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Michael Abrahams | Why I walked away from Christianity

Published:Monday | December 26, 2016 | 12:00 AMMichael Abrahams

I was raised as a Christian and embraced the faith for many years. During this time, I read the entire Bible, from Genesis to Revelation, rejecting all other religions as bogus, believing that Christianity was the only true pathway to God and salvation.

It was while studying at the University of the West Indies that I began to question the rationality of my beliefs. The churches that I had attended were Anglican and Missionary, and the doctrines of many other denominations were alien to me. So I invited Jehovah’s Witnesses and Mormons into my home and engaged them in conversations regarding their beliefs, as well as entertaining dialogue with Roman Catholics, Seventh-day Adventists, Pentecostals and others. What I found to be amazing was the diversity of beliefs among persons claiming to follow the same deity. If you place the Holy Bible on a table and invite members of the abovementioned denominations to discuss various issues, you will never attain full concordance.

So if this is the 'Word of God', why is it not straightforward, but open to so many different interpretations, resulting in division, acrimony, bigotry, a sense of entitlement, intolerance, human-rights abuses and even war? 

If you ask any devout Christian, they will tell you that only God is perfect, unlike man.

The Bible consists of books that were written by men. If men are imperfect, it is only rational to deduce that their writings would likely be flawed. There is no logical reason to believe that the Bible is inerrant, but many persons of faith stubbornly insist that it is.

However, if we are to be honest, we must admit that we do not know much about several of the writers and their agendas. There are at least 39 authors, but some are unknown, and we cannot vouch for the sincerity of all whose work is included in the revered tome. 

When doubts are cast on the accuracy or veracity of biblical tales, Christians are quick to point out that the Bible was written by “men inspired by God”, quoting from 2 Timothy. This book was written by Paul, just one of many authors whose work is included in the Bible. Many came before him, but several followed, and it is implausible to defend the notion that he could speak for every author whose work was included in the collection of scriptures. My belief is that the Bible was not written by men inspired by God, but rather by men inspired by their belief in a God, which is a totally different ballgame.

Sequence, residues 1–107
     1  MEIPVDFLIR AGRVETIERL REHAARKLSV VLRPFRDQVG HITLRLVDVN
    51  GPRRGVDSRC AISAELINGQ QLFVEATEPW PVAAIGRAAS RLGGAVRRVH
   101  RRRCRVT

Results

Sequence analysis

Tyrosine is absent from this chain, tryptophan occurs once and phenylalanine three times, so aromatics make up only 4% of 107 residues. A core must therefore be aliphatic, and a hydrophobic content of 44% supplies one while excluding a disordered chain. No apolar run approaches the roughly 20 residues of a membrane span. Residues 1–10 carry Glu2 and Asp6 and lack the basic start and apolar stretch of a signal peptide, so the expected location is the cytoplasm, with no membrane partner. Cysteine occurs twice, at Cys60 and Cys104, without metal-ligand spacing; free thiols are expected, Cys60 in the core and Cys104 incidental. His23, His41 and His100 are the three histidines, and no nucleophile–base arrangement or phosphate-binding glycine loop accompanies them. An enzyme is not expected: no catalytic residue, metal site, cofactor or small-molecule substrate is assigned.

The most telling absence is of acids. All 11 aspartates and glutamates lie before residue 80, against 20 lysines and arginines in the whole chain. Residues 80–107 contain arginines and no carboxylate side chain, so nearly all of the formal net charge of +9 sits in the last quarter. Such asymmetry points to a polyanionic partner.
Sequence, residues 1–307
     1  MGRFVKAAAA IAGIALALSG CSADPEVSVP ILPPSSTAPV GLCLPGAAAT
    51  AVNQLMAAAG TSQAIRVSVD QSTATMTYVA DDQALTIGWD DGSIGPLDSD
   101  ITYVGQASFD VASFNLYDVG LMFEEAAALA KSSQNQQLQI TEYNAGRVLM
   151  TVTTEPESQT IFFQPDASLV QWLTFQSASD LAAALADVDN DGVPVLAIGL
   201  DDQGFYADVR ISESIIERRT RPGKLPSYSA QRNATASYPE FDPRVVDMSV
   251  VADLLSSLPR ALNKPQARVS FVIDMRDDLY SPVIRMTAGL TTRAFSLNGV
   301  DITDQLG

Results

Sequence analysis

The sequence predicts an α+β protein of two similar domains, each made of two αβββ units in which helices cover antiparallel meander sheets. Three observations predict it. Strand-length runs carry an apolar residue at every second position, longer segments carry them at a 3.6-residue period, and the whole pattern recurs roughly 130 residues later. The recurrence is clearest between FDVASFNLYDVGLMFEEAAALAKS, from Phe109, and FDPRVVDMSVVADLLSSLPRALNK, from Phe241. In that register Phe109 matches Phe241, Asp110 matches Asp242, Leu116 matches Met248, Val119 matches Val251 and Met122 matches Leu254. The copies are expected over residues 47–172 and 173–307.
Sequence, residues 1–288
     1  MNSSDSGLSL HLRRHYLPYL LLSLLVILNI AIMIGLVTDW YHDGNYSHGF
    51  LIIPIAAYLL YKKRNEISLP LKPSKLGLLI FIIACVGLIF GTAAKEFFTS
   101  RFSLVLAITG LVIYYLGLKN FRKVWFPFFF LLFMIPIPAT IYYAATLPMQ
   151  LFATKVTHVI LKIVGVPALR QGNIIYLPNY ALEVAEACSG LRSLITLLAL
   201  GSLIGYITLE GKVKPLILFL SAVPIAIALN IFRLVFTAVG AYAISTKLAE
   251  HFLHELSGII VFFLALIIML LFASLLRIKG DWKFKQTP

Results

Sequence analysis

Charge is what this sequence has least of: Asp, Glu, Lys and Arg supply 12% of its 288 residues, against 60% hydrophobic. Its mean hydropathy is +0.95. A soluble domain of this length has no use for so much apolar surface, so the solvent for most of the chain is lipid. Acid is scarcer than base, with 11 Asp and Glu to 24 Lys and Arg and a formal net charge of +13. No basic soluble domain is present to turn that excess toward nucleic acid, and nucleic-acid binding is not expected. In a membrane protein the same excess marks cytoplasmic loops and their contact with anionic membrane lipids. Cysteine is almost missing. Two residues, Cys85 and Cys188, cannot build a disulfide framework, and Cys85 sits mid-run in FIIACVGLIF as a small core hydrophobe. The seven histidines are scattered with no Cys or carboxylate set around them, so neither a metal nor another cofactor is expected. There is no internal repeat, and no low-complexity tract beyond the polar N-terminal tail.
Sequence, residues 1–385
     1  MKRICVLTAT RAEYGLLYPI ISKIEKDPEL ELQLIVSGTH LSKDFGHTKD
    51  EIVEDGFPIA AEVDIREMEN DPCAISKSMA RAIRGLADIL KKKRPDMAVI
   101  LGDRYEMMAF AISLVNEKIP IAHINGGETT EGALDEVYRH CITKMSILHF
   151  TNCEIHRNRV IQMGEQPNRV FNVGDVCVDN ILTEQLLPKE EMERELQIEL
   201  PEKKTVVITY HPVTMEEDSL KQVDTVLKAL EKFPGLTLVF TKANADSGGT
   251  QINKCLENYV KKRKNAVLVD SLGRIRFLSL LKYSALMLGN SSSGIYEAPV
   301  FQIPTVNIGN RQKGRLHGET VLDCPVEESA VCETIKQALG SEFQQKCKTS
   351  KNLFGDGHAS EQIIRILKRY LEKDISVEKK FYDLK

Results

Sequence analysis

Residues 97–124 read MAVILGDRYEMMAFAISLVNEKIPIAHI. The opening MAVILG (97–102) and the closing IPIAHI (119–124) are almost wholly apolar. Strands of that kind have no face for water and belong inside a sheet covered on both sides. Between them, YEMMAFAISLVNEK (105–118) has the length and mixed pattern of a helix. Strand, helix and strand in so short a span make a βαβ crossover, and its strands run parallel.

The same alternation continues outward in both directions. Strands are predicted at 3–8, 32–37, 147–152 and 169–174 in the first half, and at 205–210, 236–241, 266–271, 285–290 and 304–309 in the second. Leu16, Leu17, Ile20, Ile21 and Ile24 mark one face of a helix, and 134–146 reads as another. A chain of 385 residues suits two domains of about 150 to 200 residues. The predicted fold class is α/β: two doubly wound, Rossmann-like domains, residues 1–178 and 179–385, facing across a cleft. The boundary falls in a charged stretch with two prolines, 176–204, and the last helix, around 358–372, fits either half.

I believe in the existence of a supreme being, but the description of God in the Bible is difficult for me to accept. The God of the Bible gave instructions not to “plant your field with two kinds of seed” or “wear clothing woven of two kinds of material”, but had no issue with slavery, which most Christians will agree is barbaric and cruel. There is nowhere in the Bible where God condemns it. As a matter of fact, He gives guidelines regarding how slaves should be managed. God is also referred to as being merciful. But reading the Bible will reveal instances of Him mercilessly slaughtering millions of people, even more than Satan. We are then taught that Jesus is God, but these actions are incongruous with Jesus Christ’s edict to treat others the way you want to be treated.

One of the major issues that I have with religion, including Christianity, is the suspension of rational thinking. I have seen many persons of faith afflicted with this malady of mentation, and it occurs in the educated as well is in those possessing minimal literacy skills. When a Seventh-day Adventist tells me that the Earth is only 6,000 years old, despite overwhelming scientific evidence to the contrary, or Jehovah's Witnesses tell me that they have no problem with a dying child being denied a life-saving blood transfusion or a Roman Catholic looks me in the eyes and tells me, with a straight face, that when a priest blesses wine, it becomes literally the blood of Jesus Christ, I have a problem. Many Christians reject the theory of evolution, dismissing and even ridiculing it, while accepting that God made man from dust. Evolution makes much more sense to me than the concept of humans being created from soil particles.

Critical thinking and the ability to think outside the box are crucial for the advancement of any society, but religion has a tendency to confine us to boxes. The construction of boundaries and guidelines regarding how we should live is not necessarily unhealthy. Unfortunately, religion can hold people and entire civilisations hostage to dogmas and doctrines that are placed above the human condition, sometimes to the detriment of our fellowmen and women.

At the end of the day, I realised that my acceptance of Christianity was a result of geography, culture and socialisation, and not necessarily being exposed to an incontrovertible truth. There are more than 4,000 religions and it would be arrogant of me to insist that mine is the correct one, especially when I am not well versed in all the others.

The teachings of Jesus Christ, however, resonated with me in my youth, especially those concerning how we should treat our fellow human beings, although these principles are not unique to the Christian faith. I was taught that Jesus gave instructions to love others, to forgive and to not judge. These principles have stayed with me over the years, and govern my interactions with others. Being human, of course, I fail regularly, as some persons are difficult to love, some have injured me in ways that make forgiveness an arduous task, and it can be challenging not to judge those who have deeply offended me.

But I believe that if we focus more on these principles, and less on dogmas, doctrines and rituals, it would be of immense benefit to our planet.